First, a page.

It was Mr. Hyde in the form of Nick Kyrgios who showed up for a first round U.S. Open match with fellow Aussie John Millman.
Kyrgios reverted to the form that has plagued him in the past, losing his temper and the match to Millman, 3 – 6, 6 – 1, 4 – 6, 1 – 6.
Given his mercurial history, the final set was obviously Kyrgios going through the motions, as it was clear that down two sets to one, he had little interest in expending the energy to mount a comeback.
In the post-match presser, Kyrgios complained of a “dead” shoulder, sparing his sore hip the responsibility for his latest failure to compete with adequate zeal. Kyrgios, asked if he would continue with the latest in a long line of sacrificial coaches, said that Sebastian Grosjean deserved better than him (Kyrgios).
“I don’t know, honestly. I’m not good enough for him,” Kyrgios said. “He’s very dedicated. He’s an unbelievable coach. He probably deserves a player that is probably more dedicated to the game than I am. He deserves a better athlete than me.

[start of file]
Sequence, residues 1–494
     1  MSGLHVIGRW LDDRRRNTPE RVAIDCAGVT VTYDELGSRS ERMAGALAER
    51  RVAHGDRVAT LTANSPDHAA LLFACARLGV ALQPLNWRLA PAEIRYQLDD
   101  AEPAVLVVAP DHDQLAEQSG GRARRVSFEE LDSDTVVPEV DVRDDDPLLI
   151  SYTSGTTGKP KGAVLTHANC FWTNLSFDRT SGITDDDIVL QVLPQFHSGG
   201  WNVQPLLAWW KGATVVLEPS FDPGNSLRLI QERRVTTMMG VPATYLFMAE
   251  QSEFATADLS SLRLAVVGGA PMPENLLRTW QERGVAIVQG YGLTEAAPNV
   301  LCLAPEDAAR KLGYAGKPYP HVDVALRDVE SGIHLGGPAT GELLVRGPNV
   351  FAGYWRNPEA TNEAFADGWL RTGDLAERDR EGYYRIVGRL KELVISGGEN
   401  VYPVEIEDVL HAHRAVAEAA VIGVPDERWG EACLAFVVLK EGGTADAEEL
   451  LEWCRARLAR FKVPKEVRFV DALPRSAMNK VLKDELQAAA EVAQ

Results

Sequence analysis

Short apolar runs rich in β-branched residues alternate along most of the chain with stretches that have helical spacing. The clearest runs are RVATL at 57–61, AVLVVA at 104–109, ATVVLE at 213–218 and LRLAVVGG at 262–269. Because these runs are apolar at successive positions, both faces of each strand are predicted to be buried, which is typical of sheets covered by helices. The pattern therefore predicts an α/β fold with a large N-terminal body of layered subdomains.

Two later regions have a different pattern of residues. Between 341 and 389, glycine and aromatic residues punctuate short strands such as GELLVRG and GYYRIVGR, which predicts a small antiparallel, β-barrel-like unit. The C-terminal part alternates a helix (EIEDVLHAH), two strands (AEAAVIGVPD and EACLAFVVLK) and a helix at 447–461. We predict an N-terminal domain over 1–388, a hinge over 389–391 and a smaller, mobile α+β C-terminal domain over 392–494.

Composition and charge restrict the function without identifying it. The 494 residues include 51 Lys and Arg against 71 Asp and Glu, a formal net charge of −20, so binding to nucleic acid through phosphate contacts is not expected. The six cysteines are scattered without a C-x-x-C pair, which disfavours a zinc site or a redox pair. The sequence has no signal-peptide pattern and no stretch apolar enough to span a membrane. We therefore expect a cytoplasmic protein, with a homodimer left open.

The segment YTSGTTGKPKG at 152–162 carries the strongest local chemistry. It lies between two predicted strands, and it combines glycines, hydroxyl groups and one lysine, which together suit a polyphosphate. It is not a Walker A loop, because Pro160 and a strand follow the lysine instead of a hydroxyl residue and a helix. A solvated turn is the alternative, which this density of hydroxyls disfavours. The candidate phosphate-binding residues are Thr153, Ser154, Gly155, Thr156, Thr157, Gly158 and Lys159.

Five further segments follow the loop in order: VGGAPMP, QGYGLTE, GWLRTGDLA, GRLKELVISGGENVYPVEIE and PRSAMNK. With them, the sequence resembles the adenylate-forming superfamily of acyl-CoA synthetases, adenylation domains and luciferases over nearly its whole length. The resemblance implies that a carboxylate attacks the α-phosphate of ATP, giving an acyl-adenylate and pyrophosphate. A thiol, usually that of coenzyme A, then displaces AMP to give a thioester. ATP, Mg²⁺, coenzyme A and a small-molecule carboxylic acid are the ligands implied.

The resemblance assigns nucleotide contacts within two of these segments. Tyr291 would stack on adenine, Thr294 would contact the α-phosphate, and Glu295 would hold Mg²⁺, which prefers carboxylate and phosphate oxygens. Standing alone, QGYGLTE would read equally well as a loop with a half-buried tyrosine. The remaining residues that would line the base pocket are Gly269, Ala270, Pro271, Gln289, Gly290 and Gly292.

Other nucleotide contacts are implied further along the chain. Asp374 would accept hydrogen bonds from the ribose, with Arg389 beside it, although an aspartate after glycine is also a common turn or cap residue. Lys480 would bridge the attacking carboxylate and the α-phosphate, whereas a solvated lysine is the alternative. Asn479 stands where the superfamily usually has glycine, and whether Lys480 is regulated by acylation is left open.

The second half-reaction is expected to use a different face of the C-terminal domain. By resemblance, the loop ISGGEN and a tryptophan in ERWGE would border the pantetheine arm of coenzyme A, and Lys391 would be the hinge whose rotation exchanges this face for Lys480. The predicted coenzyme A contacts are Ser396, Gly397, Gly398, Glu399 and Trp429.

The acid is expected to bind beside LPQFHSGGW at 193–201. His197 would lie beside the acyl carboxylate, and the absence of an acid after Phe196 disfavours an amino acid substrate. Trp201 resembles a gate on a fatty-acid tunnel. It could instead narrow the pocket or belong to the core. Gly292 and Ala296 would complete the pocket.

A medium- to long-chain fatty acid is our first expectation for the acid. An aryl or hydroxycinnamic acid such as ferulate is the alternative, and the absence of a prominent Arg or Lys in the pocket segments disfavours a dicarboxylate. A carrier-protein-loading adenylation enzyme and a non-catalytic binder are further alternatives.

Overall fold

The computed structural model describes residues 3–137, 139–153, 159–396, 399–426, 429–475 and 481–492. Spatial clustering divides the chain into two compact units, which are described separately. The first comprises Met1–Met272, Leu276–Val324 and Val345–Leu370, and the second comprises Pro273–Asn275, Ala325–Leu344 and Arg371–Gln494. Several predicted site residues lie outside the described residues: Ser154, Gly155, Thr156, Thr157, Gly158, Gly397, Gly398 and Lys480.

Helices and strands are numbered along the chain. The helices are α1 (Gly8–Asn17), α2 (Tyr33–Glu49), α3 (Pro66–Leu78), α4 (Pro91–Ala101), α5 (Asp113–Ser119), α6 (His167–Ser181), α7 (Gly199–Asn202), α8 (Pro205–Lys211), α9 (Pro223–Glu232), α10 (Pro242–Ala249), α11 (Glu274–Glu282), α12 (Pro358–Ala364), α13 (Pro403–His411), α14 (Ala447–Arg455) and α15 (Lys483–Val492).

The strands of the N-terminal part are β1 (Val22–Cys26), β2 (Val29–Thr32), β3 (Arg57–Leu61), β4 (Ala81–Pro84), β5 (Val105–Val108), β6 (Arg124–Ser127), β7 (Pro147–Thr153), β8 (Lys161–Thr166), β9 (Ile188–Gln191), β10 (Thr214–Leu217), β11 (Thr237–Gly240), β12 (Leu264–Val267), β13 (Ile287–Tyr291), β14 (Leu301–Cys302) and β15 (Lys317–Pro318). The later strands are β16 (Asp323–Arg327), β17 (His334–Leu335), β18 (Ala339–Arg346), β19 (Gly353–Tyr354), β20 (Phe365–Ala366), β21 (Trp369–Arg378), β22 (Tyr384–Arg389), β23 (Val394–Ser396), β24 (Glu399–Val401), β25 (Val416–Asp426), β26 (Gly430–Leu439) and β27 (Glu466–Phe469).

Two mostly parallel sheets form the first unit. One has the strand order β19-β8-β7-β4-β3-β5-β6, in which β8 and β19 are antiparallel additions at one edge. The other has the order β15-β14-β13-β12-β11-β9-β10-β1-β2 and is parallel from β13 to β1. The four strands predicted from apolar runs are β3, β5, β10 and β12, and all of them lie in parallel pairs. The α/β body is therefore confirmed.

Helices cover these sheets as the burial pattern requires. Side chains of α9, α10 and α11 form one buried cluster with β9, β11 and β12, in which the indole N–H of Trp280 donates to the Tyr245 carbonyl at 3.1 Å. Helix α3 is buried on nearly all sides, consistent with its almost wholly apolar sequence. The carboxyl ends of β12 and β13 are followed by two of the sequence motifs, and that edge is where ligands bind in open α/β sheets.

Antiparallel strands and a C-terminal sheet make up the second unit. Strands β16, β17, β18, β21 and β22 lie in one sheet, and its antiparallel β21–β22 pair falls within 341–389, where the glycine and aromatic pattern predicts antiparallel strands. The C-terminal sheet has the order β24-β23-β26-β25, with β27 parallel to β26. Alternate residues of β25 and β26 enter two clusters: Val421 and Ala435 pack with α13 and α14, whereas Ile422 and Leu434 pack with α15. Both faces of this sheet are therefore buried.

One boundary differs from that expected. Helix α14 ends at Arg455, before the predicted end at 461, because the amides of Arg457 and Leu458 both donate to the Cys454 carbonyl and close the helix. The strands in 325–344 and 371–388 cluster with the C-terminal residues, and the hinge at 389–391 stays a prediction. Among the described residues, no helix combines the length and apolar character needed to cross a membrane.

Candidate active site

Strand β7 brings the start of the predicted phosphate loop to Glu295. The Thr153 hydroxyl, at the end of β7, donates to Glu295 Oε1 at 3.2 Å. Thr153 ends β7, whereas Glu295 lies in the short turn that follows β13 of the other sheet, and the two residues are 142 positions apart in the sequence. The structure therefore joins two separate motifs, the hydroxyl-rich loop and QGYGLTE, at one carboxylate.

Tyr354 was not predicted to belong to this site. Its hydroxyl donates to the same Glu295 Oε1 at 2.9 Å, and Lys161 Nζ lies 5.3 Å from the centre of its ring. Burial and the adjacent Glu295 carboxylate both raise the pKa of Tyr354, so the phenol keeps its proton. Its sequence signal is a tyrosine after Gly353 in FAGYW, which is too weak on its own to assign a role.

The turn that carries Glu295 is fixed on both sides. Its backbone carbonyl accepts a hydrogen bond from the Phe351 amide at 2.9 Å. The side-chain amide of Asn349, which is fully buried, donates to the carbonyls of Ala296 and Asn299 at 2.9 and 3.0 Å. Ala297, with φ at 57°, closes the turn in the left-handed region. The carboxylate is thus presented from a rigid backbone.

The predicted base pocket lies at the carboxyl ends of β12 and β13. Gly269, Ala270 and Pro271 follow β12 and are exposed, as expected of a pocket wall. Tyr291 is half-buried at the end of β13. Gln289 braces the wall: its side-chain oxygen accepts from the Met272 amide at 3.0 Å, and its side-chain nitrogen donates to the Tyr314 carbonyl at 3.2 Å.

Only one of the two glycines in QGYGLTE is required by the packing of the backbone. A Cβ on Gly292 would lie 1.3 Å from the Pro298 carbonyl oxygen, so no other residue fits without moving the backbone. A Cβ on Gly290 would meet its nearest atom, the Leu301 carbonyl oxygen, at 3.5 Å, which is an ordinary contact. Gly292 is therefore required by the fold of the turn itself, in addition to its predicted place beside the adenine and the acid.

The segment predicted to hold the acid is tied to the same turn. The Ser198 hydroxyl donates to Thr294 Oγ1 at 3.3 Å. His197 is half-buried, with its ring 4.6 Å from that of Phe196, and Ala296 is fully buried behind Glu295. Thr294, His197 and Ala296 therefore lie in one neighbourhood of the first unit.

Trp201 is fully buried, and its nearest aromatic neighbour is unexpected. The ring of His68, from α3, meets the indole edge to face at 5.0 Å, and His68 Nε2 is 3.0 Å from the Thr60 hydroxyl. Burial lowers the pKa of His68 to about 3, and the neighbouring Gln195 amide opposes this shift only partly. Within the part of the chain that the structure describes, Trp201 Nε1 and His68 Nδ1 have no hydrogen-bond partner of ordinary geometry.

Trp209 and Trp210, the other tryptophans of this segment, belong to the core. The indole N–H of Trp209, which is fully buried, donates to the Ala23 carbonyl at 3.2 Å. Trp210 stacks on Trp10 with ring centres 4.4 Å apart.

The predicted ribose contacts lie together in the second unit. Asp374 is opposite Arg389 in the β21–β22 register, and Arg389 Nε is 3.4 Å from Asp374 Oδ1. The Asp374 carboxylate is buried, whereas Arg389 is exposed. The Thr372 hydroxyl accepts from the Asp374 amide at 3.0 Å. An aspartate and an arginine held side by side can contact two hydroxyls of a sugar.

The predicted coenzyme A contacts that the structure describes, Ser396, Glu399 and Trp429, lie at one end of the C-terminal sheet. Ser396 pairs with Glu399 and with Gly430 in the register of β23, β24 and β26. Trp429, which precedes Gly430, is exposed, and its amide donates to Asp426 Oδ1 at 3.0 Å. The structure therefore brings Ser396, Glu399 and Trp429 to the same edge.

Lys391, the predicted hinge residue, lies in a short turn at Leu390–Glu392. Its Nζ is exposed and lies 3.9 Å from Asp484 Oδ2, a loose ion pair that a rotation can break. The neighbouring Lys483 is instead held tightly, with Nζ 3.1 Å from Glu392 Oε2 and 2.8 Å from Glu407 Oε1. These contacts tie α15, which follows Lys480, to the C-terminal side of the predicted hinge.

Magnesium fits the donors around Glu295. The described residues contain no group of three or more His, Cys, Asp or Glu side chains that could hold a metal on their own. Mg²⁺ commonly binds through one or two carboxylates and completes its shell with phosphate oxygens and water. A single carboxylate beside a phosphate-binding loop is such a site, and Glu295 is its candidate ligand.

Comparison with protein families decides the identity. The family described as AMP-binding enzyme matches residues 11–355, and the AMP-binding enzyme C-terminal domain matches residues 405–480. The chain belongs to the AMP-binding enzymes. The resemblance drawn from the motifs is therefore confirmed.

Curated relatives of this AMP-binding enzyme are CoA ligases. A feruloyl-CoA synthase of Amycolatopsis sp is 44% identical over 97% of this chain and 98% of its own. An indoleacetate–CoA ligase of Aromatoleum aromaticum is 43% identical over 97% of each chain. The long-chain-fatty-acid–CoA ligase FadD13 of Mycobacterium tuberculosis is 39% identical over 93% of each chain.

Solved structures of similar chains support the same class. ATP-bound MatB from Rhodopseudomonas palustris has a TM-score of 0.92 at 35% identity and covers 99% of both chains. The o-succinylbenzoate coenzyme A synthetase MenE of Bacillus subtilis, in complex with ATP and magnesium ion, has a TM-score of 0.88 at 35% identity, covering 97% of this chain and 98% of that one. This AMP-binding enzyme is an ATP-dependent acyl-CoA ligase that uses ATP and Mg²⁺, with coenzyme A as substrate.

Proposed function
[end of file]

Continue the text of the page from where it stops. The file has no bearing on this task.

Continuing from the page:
“I’m not dedicated to the game at all.”
Kyrgios’ lack of motivation almost sounds as though is malady is more one of a mental, rather than physical nature. He may benefit from a break from the game, such as that taken by Roger Federer needed to recover from an injury that had him absent from last year’s U.S. Open.
A few months to heal the body and clear the mind worked wonders for Federer, who returned with a fresh perspective and proceeded to win the Australian Open and the Wimbledon Championships in 2017.
Kyrgios, whose considerable talent is unquestionable, typically plays lower ranked players at Slams with deadly proficiency. He won 20 from 20 such matches, but has since been on the wrong side of upset losses in his last five outings in majors.
At his current roller coaster pace, with good weeks and bad weeks, Kyrgios would be well advised to shut it down for a few months before he jumps the rails entirely.